Four identical right angled triangles are drawn on the sides of a square. Two face out, two face in. Why do the four vertices marked with dots lie on one line?

Advent Calendar 2011 - a mathematical activity for each day during the run-up to Christmas.

Draw some quadrilaterals on a 9-point circle and work out the angles. Is there a theorem?

Can you explain why a sequence of operations always gives you perfect squares?

If you think that mathematical proof is really clearcut and universal then you should read this article.

L triominoes can fit together to make larger versions of themselves. Is every size possible to make in this way?

I want some cubes painted with three blue faces and three red faces. How many different cubes can be painted like that?

Can you rearrange the cards to make a series of correct mathematical statements?

You have twelve weights, one of which is different from the rest. Using just 3 weighings, can you identify which weight is the odd one out, and whether it is heavier or lighter than the rest?

Explore the continued fraction: 2+3/(2+3/(2+3/2+...)) What do you notice when successive terms are taken? What happens to the terms if the fraction goes on indefinitely?

If I tell you two sides of a right-angled triangle, you can easily work out the third. But what if the angle between the two sides is not a right angle?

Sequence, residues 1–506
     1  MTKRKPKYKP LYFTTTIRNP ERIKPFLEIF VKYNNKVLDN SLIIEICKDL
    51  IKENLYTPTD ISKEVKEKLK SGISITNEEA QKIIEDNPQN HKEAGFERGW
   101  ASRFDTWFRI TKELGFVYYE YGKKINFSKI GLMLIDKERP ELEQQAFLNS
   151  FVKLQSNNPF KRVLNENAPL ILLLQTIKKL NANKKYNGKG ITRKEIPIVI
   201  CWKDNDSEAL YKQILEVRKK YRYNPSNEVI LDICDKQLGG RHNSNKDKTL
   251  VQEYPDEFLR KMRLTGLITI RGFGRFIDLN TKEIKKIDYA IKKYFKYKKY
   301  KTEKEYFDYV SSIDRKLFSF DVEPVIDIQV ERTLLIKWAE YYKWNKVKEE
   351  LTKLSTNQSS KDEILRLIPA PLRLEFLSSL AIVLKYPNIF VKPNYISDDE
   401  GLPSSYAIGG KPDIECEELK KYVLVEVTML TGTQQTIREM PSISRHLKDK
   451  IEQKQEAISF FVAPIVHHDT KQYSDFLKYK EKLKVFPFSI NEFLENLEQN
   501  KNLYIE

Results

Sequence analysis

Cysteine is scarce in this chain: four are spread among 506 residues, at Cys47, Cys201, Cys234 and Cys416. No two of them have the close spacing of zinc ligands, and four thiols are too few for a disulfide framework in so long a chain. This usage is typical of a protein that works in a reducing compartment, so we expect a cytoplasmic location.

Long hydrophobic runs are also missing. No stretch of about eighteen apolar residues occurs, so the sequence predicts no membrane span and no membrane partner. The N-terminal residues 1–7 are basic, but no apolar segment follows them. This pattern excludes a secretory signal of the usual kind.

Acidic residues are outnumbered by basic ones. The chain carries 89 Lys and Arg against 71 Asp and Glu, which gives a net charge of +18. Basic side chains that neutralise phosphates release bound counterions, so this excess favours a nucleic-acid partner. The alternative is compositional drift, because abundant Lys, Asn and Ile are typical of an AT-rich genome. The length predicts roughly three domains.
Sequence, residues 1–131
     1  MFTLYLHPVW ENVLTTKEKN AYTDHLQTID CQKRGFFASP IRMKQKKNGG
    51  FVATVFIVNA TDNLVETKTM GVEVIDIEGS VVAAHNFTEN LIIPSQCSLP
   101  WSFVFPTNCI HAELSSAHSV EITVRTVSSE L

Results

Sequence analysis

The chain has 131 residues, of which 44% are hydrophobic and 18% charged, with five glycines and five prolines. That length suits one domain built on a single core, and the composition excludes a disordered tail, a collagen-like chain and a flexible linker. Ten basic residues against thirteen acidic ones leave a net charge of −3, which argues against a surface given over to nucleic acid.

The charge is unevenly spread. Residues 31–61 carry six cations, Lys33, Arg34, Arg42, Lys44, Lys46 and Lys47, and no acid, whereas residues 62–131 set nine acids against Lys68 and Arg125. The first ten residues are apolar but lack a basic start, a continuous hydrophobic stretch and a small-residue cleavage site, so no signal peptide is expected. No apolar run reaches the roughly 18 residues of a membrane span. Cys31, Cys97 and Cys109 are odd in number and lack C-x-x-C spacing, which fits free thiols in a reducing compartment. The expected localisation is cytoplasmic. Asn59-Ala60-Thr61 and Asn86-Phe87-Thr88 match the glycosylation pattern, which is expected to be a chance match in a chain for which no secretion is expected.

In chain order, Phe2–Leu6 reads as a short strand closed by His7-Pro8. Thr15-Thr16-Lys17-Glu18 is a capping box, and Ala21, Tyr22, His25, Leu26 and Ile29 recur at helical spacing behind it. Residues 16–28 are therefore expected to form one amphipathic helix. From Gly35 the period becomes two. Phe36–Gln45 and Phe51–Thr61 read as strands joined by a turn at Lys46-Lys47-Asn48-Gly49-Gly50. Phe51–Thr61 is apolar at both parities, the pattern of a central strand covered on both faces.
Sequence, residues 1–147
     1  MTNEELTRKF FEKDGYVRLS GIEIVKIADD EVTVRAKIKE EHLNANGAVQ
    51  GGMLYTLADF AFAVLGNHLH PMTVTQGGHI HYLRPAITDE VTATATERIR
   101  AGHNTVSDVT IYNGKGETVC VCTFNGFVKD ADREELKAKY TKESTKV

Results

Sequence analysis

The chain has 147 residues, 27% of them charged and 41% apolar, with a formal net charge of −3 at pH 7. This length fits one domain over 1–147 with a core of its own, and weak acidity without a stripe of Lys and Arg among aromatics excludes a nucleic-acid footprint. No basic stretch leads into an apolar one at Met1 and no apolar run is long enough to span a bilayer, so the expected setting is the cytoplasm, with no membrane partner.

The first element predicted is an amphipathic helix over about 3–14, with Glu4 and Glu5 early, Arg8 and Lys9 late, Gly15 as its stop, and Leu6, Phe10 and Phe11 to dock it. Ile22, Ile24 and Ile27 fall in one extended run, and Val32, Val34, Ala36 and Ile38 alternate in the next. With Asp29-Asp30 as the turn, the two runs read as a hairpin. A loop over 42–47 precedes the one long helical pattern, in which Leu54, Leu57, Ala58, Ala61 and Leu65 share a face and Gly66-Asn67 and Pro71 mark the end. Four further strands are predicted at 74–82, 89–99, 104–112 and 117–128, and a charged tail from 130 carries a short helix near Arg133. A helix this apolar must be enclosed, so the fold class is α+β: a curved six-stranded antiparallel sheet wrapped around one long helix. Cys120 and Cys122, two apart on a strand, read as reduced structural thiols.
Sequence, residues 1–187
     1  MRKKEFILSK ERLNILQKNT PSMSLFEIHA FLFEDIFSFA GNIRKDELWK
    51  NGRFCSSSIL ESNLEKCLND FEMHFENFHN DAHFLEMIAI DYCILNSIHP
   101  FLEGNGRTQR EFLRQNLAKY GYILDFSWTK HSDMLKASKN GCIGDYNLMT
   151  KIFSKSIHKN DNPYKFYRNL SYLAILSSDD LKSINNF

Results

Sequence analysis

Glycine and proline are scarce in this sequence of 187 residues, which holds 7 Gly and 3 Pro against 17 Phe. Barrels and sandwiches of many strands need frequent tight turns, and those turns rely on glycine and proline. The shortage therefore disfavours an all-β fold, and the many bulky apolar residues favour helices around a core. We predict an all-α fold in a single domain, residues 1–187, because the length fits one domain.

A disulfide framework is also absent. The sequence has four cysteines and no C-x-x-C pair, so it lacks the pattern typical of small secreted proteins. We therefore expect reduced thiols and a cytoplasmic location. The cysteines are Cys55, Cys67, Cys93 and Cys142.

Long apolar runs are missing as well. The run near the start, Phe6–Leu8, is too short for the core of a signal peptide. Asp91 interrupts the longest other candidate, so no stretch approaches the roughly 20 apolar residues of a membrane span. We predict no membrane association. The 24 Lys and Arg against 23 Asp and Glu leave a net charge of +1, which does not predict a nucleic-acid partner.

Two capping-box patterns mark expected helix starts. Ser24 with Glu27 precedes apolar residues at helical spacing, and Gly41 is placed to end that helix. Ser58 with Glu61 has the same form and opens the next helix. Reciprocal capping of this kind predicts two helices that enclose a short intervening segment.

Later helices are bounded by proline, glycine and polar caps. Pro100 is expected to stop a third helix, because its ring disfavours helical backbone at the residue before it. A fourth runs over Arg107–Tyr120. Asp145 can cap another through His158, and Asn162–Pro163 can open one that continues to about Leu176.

Draw a 'doodle' - a closed intersecting curve drawn without taking pencil from paper. What can you prove about the intersections?

There are 12 identical looking coins, one of which is a fake. The counterfeit coin is of a different weight to the rest. What is the minimum number of weighings needed to locate the fake coin?

Keep constructing triangles in the incircle of the previous triangle. What happens?

The first of five articles concentrating on whole number dynamics, ideas of general dynamical systems are introduced and seen in concrete cases.

Four jewellers share their stock. Can you work out the relative values of their gems?

Show that if you add 1 to the product of four consecutive numbers the answer is ALWAYS a perfect square.

Is the mean of the squares of two numbers greater than, or less than, the square of their means?

Take any pair of two digit numbers x=ab and y=cd where, without loss of generality, ab > cd . Form two 4 digit numbers r=abcd and s=cdab and calculate: {r^2 - s^2} /{x^2 - y^2}.

Find the largest integer which divides every member of the following sequence: 1^5-1, 2^5-2, 3^5-3, ... n^5-n.

Prove that if a^2+b^2 is a multiple of 3 then both a and b are multiples of 3.

The largest square which fits into a circle is ABCD and EFGH is a square with G and H on the line CD and E and F on the circumference of the circle. Show that AB = 5EF. Similarly the largest. . . .

Find the smallest positive integer N such that N/2 is a perfect cube, N/3 is a perfect fifth power and N/5 is a perfect seventh power.

It is impossible to trisect an angle using only ruler and compasses but it can be done using a carpenter's square.

Three points A, B and C lie in this order on a line, and P is any point in the plane. Use the Cosine Rule to prove the following statement.

What can you say about the lengths of the sides of a quadrilateral whose vertices are on a unit circle?